How was Ebola discovered?

The public should realize and understand that the Ministry of Health cannot be blamed solely for a virus outbreak, be it Ebola or any other virus. Similarly, the ministry’s inspectors at ports of entry — airports, border crossings and seaports — should not hesitate to reveal any suspicious Ebola case to the general public because such action is in the ministry’s best interests.

Transparency in revealing confirmed or suspicious virus cases can go a long way in combating the spread of a disease because citizens and expatriates will follow instructions to protect themselves against such viruses.

The ministry should develop its virus evaluation devices at ports of entry as well as its laboratories so that it does not have to send its samples overseas as it did with the Ebola case and other such cases in the past (MERS, swine flu, bird flu, Rift Valley Fever). If the ministry does not follow a transparent policy regarding virus outbreaks, its inaction will cost many people their lives. The virus will continue to spread from one person to another as people will be unfamiliar with its nature and causes. The Saudi man who died of Ebola was in Sierra Leone when he contracted the virus.

Ebola was discovered for the first time in January 1995 in Kikiwit Forest, Zaire (now the Democratic Republic of Congo). A coal miner fell down on his way home and his family assumed that he was suffering from a fever and headache. A few days later, his condition deteriorated and he was rushed to a local hospital. There, he started to vomit and blood was gushing from his nose and ears. Shortly afterward, he died.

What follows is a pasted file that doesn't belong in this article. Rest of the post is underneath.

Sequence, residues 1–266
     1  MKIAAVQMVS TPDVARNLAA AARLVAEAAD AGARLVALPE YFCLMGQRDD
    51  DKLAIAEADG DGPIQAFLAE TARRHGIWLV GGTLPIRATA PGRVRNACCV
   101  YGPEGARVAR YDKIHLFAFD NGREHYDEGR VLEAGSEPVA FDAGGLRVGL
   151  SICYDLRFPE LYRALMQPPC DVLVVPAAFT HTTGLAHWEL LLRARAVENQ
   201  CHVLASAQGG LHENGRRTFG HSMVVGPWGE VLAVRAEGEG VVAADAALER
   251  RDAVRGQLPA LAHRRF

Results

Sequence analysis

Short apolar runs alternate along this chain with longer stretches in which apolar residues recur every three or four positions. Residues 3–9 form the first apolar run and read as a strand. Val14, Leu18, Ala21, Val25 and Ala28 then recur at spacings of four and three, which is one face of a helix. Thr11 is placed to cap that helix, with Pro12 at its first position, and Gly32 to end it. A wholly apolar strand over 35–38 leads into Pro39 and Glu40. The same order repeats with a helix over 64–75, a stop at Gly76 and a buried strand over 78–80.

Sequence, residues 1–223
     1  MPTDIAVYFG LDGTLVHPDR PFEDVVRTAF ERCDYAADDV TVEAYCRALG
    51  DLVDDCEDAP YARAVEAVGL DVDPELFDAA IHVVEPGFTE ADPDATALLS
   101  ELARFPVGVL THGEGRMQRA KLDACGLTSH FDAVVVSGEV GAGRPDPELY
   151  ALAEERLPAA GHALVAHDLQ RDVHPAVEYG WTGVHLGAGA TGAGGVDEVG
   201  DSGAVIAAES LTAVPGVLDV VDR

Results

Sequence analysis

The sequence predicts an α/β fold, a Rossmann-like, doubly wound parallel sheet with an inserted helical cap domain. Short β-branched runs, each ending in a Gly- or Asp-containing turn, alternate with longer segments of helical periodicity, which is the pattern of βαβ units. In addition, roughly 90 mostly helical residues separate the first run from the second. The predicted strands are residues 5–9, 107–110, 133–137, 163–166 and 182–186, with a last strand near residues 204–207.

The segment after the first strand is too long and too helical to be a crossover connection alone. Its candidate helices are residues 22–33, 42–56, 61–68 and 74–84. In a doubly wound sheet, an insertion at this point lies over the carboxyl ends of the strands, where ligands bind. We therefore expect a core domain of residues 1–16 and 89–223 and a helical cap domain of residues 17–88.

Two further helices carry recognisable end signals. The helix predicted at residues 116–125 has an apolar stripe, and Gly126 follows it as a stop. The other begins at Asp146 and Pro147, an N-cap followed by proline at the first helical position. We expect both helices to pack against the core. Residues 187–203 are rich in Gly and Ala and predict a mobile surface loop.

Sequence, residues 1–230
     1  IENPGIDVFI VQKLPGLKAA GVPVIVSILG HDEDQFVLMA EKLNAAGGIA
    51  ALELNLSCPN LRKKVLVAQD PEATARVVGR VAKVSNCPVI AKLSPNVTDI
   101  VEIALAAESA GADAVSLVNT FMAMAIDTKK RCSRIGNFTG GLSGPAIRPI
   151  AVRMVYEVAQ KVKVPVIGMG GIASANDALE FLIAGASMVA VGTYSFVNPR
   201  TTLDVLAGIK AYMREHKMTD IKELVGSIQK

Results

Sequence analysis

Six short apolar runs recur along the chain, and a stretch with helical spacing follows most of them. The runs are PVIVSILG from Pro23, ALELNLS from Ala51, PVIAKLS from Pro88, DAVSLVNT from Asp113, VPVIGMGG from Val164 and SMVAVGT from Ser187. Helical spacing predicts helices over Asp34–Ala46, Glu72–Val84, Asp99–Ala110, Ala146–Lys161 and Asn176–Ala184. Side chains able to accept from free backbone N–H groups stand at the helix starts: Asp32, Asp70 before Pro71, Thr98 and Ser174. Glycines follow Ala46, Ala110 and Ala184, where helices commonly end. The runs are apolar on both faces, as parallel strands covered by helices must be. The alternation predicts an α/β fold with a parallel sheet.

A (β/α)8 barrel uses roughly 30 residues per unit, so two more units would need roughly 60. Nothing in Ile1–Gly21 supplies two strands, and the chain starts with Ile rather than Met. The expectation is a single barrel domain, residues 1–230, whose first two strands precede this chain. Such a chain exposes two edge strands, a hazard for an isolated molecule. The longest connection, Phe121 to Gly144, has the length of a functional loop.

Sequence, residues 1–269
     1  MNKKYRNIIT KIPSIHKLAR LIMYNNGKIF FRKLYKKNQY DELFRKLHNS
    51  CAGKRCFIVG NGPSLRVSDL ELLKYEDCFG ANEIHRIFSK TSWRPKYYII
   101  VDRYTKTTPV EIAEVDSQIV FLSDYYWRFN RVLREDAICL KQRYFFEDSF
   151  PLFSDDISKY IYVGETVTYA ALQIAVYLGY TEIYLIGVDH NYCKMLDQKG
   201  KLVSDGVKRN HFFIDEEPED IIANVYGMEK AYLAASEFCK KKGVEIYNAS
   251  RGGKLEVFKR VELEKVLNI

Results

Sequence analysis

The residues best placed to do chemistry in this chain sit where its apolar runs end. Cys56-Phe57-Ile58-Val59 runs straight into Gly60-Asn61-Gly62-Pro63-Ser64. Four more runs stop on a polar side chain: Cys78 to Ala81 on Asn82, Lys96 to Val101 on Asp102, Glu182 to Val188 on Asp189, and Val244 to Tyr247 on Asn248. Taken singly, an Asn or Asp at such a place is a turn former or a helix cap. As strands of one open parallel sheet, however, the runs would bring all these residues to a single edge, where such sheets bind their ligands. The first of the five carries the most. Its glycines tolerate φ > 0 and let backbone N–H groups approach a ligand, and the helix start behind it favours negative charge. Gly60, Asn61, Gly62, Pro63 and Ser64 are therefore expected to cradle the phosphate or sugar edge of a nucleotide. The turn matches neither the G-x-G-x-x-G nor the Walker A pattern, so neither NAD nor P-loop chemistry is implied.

Similar cases were discovered in other members of his family, especially among those who had had physical contact with him. Shockingly, 12 members of the same family died a month later.

In April, several nurses contracted the disease and met a similar fate. In a short time, the virus spread to nearby towns. A scientist took samples from the victims and sent them to US laboratories and the result came back as Ebola virus. Ever since, the virus has claimed hundreds of thousands of lives.

Readers should know that scientists have never stopped fighting viruses. Since the 18th century, humans have waged a ferocious battle against viruses, which were discovered in a laboratory in 1883. It was Adolf Eduard Mayer, a German agricultural chemist, who paved the way for discovering viruses while he was investigating the tobacco mosaic disease.

In the following year, Charles Chamberland, a French microbiologist, developed a filter with pores that were smaller than bacteria. A solution containing bacteria could be passed through the pores and the filter would remove the bacteria completely from the solution.

In 1892, Russian botanist Dmitri Ivanovsky discovered viruses and was dubbed one of the founders of virology.
Ever since these discoveries, viruses have constantly posed great challenges to human beings. Viruses are not considered living things; rather, they are described as contagious agents (because they do not have the basic properties of life). These agents have a life-like capability to multiply.


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